THE recent Bord Bia event 'Pathways to Growth' was attended by most of the chief executives of the major food and agri-business companies in the country.
Among the speakers they heard from was John Quelch of the China Europe International Business School (CEIBS).
Prof Quelch is renowned as a top academic in the marketing field and was formerly Senior Associate Dean and the Lincoln Filene Professor of Business Administration at Harvard Business School.
The key for a successful brand, Mr Quelch said, is that it must "own" a product category and be in a position of absolute strength in its home market. In most cases the company name is the brand name, he added.
"There are 10 food companies in the top 100 brands globally, so food can be branded successfully, and that feeds into 'brand Ireland'.
"Can geographical places be branded? Yes, but there are few prominent place brands. There is the idea of a psychological place within the geographical place.
"Starbucks have been very successful in the past in 'owning' a place. Howard Schultz has successfully positioned Starbucks as a 'third place' between home and work.
"So what determines national brand image? Well, there are a number of factors. The history of the place, famous people past and present, its perceived traits and values, importantly its airlines and embassies. These all feed into how a country is perceived."
Clearly Ireland is now in need of a rebranding after the avarice of the Celtic Tiger years, and Quelch has some ideas of how we might go about doing that.
As a country, Ireland must develop a clear position for itself, be known for something, and attract satisfied customers. All of that is easier to do in a small country.
"The general rule when creating a brand or slogan is that you need a basic formula: 'for [target audience], Ireland gives the best [blank] because [give your reason why]'.
"One of the benchmarks for Ireland, and in particular food from Ireland, would be to look at New Zealand and how they have positioned their country, and they've done it quite successfully."
New Zealand have used their '100pc Pure' campaign to position their food as clean, green, organic, and healthy. The idea being that New Zealand food is an antidote to the genetically modified foods that have been doused with chemicals elsewhere.
"So how does Ireland compete with that? Well there are a few things worth considering.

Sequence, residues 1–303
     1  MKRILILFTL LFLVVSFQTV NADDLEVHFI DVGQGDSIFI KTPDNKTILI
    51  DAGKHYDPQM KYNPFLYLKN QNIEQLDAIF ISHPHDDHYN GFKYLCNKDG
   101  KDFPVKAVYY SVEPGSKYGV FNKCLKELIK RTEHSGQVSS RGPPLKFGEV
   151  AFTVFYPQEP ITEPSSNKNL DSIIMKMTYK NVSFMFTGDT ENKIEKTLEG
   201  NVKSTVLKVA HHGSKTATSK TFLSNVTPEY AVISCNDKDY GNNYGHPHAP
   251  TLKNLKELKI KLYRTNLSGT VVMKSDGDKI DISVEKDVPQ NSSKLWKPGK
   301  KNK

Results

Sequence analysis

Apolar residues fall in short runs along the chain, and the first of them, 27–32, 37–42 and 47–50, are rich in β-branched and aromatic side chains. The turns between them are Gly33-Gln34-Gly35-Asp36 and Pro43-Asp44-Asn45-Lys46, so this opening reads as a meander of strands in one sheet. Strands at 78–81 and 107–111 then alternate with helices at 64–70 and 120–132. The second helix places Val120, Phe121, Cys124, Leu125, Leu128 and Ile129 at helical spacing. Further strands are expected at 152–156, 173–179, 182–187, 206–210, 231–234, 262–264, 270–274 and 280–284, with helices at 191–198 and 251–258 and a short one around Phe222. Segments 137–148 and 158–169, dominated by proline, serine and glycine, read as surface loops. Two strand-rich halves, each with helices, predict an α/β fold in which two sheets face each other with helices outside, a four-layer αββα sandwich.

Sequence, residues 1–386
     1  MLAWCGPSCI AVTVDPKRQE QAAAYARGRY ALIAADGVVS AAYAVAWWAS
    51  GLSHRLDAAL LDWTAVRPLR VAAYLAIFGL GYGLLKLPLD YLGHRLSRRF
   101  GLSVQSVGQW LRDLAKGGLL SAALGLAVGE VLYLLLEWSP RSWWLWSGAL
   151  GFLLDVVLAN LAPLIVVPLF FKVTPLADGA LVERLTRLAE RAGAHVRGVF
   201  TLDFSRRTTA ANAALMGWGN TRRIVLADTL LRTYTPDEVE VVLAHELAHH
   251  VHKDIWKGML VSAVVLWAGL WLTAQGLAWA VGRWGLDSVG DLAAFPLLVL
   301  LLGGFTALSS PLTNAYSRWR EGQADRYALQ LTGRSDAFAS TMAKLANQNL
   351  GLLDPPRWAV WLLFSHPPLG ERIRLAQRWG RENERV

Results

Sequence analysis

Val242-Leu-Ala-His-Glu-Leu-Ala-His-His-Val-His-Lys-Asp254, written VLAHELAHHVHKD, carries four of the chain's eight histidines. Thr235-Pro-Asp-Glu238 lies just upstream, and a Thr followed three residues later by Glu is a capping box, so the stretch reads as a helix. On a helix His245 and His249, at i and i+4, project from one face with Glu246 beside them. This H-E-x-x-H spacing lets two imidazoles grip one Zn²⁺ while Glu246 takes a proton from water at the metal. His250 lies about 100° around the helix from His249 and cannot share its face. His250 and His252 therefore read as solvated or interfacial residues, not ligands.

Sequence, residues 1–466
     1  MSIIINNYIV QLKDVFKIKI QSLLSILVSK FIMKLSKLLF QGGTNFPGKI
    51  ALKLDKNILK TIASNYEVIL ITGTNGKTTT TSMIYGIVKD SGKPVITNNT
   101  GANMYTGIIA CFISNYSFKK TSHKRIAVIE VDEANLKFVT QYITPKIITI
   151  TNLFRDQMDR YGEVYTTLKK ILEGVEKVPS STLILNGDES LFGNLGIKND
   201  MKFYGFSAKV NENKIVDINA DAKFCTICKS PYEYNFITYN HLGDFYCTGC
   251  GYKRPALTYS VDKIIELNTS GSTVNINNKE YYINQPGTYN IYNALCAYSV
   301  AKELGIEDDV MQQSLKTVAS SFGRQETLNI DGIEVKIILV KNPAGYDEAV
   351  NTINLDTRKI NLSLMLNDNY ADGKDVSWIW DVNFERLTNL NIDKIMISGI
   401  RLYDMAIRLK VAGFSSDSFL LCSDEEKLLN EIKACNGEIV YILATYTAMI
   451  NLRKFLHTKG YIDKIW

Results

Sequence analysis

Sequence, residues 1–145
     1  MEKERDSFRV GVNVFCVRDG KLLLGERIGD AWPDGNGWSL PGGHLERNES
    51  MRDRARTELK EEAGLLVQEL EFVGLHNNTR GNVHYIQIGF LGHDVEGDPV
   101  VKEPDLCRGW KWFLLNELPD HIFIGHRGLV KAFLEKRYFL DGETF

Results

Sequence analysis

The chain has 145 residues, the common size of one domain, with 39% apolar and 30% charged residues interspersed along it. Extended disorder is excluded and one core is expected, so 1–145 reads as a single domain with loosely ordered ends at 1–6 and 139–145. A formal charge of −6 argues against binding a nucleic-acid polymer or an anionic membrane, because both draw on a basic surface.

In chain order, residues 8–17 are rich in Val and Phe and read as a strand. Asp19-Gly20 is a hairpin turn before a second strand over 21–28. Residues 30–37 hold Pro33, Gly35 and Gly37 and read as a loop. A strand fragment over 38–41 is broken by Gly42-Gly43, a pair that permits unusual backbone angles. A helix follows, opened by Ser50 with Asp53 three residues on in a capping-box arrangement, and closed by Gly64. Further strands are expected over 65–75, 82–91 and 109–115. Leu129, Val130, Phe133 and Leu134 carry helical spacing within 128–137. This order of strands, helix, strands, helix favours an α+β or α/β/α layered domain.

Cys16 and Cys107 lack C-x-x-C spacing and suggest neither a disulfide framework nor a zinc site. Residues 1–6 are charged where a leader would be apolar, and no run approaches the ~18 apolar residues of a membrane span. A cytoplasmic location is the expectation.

"The first thing is not to focus on Ireland the country but everything that makes up the country. The land, not Ireland. The Irish, not Ireland. Think of a food that is handcrafted by Irish farmers, not food from Ireland. You also need ambassadors. It's not enough to say 'eat Irish food'. You need people who look like their target audience to be out there promoting Irish food.
"Nothing beats a credible endorsement."
Bewley's seals in the freshness
BEWLEY'S claims to have made coffee easier than ever to enjoy at home by launching new resealable fresh coffee packs to the Irish market for the first time.
The newly designed range of fresh-ground coffees includes a reclosable Ziploc strip, an airtight freshness valve, foil packaging, coffee strength guides and an easy-to-understand, three-step guide to fresh coffee making at home.
Bewley's new resealable Ziploc coffees are being launched in five varieties including an Indian coffee that has been sourced and launched in either Ireland or the UK for the first time.
To help the growing number of people who want to try fresh coffee at home for the first time, Bewley's is also launching two trial-sized packs containing 100g of Gold Roast and Rich Roast coffee.
Mark Saunders of Bewley's said: "In the current economic climate, people want to treat and reward themselves with quality coffee at home in an affordable way. Fresh coffee fits this bill perfectly as it's a more natural and less processed product than instant with a much better taste."
Bewley's new Ziploc range is available now in supermarkets nationwide, Bewley's Grafton Street Cafe or online at www.bewleys.com
Skype offering large format ads
SKYPE is offering large format advertising on its home page in the Irish market for the first time, according to Robert Quirke of Ad2one, the digital sales agency that has just secured the exclusive contract to represent Skype in Ireland.
Skype's reach and engaged user base makes it an attractive platform for Irish brands to market their products, he said.
The first global advertisers to sign up include Nokia, Universal Pictures and Visa. Mr Quirke said: "With 85,000 users a day in Ireland, Irish advertisers can take over the home page of Skype for one week at a time and encourage users to make direct phone calls to the advertiser through a 'click and call' facility without being intrusive for the user."